"There's a fine line in a pitch meeting between genius and what I experienced in the meeting. So this is the actual pitch that they made for The Matrix," said Smith, putting on California surfer-type accent to impersonate the Wachowskis, both trans women who are now credited as Lana and Lilly Wachowski. "So dude, we're thinking, like, like, imagine you're in a fight, and you, like, jump. Imagine if you could stop jumping in the middle of the jump … But then people could see around you 360 [degrees] while you're jumping, while you're stopped jumping. And then we're gonna invent these cameras, and then people can see the whole jump while you stop in the middle of the jump."

The Wachowskis' pitch for The Matrix ultimately put Smith off the project. Instead, he made the steampunk Western action comedy Wild Wild West — a low point in Smith's professional life. 

"I'm not proud of it," said Smith of the film, which bombed with critics and causal moviegoers so hard that its consensus reads like a bit from a roast of a celebrity: "Bombastic, manic, and largely laugh-free, Wild Wild West is a bizarre misfire in which greater care was lavished upon the special effects than on the script."

Still, Smith has no regrets about turning down The Matrix. The actor feels he actually did movie-lovers a great justice in rejecting the offer to play Neo, admitting that he likely would have screwed up The Matrix if he lead the film and not Keanu Reeves, the actor who accepted the role Smith walked away from. Smith explained that his hypothetical casting in The Matrix would have thrown the balance of the film off: if he was Neo, then Laurence Fishburne wouldn't have been cast as Morpheus, as the film's creative team apparently wanted one black actor and one white actor to star. 

"Keanu was perfect. Laurence Fishburne was perfect. If I had done it, because I'm black, then Morpheus wouldn't have been black — they were looking at Val Kilmer," Smith stated. "I was gonna be Neo and Val Kilmer was gonna be Morpheus. I probably would've messed The Matrix up. I did y'all a favor!"

Considering Smith already experienced wariness at the thought of doing too many sci-fi action movies back-to-back and that he was evidently in a headspace that craved the camp, comedy, and nonsensicalness of Wild Wild West rather than the philosophical and spiritual elements of The Matrix, Smith may not have given the role of Neo the attention that it required. The actor was essentially prioritizing goofiness over anything else back in the late 1990s, and he very well could have taken a wildly different approach to Neo than did Reeves, resulting in a version of the character that may have felt affected and that was unable to hit all the right emotional beats. As many Matrix fans will agree, no one but the reserved, somewhat steely Reeves could play Neo perfectly.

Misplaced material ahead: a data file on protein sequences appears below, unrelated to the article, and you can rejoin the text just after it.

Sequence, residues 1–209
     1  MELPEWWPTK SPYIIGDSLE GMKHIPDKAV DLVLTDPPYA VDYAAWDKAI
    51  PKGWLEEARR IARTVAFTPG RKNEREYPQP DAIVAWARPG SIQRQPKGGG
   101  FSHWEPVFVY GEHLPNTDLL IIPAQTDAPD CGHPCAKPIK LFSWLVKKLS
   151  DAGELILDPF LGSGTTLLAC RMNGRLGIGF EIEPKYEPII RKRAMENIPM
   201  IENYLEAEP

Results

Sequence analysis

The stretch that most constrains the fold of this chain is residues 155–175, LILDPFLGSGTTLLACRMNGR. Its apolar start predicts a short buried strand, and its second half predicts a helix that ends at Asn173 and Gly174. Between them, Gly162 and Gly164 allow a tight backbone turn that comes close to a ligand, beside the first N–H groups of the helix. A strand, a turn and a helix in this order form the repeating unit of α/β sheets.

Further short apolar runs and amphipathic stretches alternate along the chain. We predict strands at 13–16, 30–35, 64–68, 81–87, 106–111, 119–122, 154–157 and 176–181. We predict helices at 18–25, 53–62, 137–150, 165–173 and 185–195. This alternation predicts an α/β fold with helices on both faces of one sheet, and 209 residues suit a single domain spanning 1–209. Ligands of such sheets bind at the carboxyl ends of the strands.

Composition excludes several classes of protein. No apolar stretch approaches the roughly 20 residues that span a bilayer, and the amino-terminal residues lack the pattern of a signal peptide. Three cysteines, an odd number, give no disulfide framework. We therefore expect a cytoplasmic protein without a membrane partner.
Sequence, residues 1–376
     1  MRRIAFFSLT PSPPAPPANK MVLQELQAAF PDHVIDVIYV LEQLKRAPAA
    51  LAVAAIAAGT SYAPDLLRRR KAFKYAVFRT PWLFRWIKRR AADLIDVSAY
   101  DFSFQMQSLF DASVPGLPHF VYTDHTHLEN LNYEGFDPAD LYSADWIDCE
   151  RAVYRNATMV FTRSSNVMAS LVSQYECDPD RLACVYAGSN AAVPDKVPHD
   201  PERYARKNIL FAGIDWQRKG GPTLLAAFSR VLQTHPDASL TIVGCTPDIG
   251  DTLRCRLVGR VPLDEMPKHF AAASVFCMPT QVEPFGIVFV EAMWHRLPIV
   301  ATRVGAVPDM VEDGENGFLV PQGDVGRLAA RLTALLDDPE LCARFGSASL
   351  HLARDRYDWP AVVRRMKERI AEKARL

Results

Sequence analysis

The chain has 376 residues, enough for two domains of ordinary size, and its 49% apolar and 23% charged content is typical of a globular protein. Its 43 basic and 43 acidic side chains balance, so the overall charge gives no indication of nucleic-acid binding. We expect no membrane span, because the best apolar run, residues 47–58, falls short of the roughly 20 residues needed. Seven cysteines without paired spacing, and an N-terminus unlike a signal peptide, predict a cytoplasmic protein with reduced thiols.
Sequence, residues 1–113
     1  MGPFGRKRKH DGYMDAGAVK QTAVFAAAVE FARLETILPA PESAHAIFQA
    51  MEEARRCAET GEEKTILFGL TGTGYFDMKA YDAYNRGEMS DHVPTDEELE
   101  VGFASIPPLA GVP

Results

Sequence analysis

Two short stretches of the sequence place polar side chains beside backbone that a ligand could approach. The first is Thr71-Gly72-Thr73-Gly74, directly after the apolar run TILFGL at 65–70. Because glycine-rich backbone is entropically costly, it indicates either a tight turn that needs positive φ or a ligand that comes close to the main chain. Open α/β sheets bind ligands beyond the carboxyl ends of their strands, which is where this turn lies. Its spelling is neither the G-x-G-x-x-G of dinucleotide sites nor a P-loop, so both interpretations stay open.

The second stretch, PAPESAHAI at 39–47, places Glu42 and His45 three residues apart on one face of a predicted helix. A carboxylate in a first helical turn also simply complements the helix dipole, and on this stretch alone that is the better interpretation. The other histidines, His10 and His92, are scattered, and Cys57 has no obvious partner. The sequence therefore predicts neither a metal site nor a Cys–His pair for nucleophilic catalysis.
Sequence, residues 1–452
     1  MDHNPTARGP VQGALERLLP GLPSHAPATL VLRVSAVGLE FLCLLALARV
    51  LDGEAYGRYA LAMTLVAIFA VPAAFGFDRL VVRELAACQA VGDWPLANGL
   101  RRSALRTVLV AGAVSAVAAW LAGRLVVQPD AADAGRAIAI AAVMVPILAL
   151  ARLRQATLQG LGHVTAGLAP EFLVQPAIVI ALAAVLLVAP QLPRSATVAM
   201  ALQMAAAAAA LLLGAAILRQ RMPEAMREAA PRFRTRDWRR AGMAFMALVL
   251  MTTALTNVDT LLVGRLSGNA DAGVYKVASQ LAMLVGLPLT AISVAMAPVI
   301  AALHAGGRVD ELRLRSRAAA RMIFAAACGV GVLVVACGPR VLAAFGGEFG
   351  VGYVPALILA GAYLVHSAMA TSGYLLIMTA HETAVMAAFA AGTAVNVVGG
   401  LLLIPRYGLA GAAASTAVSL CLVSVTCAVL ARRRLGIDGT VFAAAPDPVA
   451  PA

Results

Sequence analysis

Had Smith taken the role instead, the world wouldn't know Reeves as Neo (or Fishburne as Morpheus, for that matter). If he did turn in a half-baked performance, Smith could have been responsible for possibly sinking the film series before it spurred a pair of sequels. Several franchises have suffered a similar fate, and to think that Smith, one of the most diverse actors working in Hollywood today, might have stripped the masses of an enjoyable original Matrix movie and performances by Reeves and Fishburne, and potentially stopped the production of the follow-up films The Matrix Reloaded and The Matrix Revolutions is almost too much to bear. 

At the end of it all, as much as everyone (Smith included) despised Wild Wild West, we're glad Smith chose to make it over taking the lead role in The Matrix. In a way, Smith stumbled in Wild Wild West so Reeves and Fishburne could soar in The Matrix — and that decision genuinely may have saved not just the first film but also the entire franchise.